As the Federal Reserve prepares for its meeting next week, economists are divided as to whether it should begin raising interest rates then or hold off until later.
Former Treasury Secretary Larry Summers, now a Harvard professor, thinks the central bank should wait. He offers several reasons why.
- "First, markets have already done the work of tightening," he writes in The Washington Post, referring to the stock market's drop and the bond market's volatility. "Financial conditions, as measured by Goldman Sachs or the Chicago Fed index, have tightened in the last two weeks by the impact equivalent of more than a 0.25-percentage-point increase in interest rates," Summers says.
- "Second, the data flow suggests a slowing in the U.S. and global economies and reduced inflationary pressures." The Atlanta Fed's forecasting model puts third-quarter U.S. growth at only 1.5 percent. And consumer prices have risen just 0.2 percent in the 12 months through July.
The Fed has kept short-term interest rates at record lows near zero since December 2008.
David Stockman, White House budget director under President Reagan, disagrees with Summers, arguing it's well past time for the Fed to start boosting rates.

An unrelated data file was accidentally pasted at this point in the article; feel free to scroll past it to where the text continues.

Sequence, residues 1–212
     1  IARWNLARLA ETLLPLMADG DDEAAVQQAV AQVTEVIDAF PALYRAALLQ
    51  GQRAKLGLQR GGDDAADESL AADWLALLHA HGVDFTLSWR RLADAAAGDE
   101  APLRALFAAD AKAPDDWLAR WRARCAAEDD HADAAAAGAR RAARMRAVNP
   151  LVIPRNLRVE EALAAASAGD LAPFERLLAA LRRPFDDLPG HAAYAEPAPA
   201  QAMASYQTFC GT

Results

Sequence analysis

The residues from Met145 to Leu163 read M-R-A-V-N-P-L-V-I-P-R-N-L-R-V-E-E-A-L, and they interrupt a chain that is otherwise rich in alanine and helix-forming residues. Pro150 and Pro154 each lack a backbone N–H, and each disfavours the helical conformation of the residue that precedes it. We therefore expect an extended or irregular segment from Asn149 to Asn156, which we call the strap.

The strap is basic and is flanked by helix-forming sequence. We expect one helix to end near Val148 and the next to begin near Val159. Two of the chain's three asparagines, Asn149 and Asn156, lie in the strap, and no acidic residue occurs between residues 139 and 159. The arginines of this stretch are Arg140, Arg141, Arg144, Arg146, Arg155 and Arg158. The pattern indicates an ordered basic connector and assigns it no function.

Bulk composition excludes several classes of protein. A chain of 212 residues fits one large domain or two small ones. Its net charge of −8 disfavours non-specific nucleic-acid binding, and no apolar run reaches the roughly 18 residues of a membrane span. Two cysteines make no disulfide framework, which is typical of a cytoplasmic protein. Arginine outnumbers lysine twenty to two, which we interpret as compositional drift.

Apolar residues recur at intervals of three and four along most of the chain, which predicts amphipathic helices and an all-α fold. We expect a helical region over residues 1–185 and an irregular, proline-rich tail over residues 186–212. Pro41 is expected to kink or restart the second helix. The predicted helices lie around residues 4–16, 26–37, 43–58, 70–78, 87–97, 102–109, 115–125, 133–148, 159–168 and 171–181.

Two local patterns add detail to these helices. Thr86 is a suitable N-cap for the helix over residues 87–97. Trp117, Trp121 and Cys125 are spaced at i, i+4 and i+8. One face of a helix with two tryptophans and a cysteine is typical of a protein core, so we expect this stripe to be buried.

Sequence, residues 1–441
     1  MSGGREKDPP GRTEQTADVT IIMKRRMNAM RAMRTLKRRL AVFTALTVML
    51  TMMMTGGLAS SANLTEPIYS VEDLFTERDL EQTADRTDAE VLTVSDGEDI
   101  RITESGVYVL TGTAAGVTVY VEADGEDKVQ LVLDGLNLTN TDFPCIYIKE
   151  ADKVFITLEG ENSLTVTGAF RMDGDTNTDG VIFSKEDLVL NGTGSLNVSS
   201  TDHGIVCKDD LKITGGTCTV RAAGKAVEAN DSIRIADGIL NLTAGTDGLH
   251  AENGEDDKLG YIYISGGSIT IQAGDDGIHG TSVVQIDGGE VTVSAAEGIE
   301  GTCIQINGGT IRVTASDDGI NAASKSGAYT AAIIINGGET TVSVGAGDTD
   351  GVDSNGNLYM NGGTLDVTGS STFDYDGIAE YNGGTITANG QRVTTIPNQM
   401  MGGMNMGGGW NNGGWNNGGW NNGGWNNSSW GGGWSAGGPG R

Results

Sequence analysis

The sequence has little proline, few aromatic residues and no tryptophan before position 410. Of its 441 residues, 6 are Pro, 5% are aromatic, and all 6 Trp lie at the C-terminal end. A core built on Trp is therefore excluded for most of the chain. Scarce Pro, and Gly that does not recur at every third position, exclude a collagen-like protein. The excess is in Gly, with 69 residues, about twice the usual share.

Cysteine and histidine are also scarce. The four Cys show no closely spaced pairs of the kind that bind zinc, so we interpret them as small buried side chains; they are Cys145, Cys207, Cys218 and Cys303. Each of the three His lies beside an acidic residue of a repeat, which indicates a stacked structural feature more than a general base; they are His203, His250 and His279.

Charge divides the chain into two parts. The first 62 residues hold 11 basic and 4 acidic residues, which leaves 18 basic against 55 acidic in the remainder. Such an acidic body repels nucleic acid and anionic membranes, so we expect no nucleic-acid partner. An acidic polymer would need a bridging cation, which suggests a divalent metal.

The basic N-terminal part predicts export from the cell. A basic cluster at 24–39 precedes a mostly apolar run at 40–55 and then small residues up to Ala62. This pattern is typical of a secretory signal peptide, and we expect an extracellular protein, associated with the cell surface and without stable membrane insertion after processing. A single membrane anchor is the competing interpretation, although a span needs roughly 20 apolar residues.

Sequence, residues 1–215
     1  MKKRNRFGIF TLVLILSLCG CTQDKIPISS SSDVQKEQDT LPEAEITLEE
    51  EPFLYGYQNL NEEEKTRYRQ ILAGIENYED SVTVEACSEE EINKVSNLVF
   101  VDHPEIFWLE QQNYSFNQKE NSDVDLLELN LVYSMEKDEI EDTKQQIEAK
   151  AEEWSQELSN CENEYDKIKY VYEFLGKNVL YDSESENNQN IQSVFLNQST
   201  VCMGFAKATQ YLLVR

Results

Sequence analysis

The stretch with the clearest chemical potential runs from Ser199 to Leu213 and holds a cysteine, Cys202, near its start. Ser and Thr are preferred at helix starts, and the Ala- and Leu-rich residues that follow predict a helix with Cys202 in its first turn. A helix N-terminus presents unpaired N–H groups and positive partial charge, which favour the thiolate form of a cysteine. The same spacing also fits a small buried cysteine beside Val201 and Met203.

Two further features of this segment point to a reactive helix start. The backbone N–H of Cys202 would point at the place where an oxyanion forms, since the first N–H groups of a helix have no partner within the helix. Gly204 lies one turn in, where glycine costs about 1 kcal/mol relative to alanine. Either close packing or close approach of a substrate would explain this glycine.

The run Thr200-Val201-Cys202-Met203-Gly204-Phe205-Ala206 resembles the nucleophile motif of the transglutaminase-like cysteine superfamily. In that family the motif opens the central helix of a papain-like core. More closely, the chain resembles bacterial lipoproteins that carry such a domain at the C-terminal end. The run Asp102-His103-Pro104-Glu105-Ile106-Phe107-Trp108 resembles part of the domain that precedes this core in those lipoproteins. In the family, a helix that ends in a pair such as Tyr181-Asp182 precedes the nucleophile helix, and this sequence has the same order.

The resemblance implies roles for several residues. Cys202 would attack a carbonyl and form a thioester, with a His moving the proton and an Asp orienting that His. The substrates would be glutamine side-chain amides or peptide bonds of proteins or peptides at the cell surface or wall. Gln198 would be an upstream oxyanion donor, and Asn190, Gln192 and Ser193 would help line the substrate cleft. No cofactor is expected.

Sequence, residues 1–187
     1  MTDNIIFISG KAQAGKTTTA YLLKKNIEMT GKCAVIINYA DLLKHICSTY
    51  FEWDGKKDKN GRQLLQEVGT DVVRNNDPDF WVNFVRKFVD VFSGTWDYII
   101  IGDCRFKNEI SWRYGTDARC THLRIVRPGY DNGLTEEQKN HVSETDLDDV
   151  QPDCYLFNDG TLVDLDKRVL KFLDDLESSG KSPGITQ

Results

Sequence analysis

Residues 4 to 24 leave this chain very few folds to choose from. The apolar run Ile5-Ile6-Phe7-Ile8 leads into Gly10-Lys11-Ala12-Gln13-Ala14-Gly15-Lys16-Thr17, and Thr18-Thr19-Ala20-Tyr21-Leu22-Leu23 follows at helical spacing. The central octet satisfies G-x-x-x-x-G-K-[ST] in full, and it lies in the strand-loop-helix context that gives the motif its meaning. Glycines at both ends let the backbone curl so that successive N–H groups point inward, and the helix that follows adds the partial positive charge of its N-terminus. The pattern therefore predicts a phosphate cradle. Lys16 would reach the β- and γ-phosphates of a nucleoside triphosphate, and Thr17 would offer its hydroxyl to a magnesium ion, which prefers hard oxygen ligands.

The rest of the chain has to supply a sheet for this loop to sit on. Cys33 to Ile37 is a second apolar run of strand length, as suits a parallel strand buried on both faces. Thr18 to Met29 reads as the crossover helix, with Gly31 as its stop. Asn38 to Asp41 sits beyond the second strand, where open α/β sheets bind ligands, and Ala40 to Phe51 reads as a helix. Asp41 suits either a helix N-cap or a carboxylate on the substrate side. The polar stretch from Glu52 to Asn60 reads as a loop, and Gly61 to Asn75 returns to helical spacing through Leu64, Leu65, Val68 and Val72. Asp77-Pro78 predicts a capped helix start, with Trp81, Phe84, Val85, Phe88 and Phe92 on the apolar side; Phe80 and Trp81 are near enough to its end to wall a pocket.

He notes that the unemployment rate registered 5.1 percent in August, the lowest in seven year years and in the lowest quintile over the last 45 years. The 5 percent level is considered full employment by many economists.
"We are effectively in the end zone, and these clowns are sitting there debating whether or not we can let the rate go above zero," Stockman told Bloomberg TV.
The Fed has kept its target for the federal funds rate at a record low of zero to 0.25 percent since December 2008. Central bank officials have indicated that they are likely to begin raising the rate this year.
"What we need is to get a central bank under control that allows Wall Street to discover prices based on supply and demand," Stockman says.
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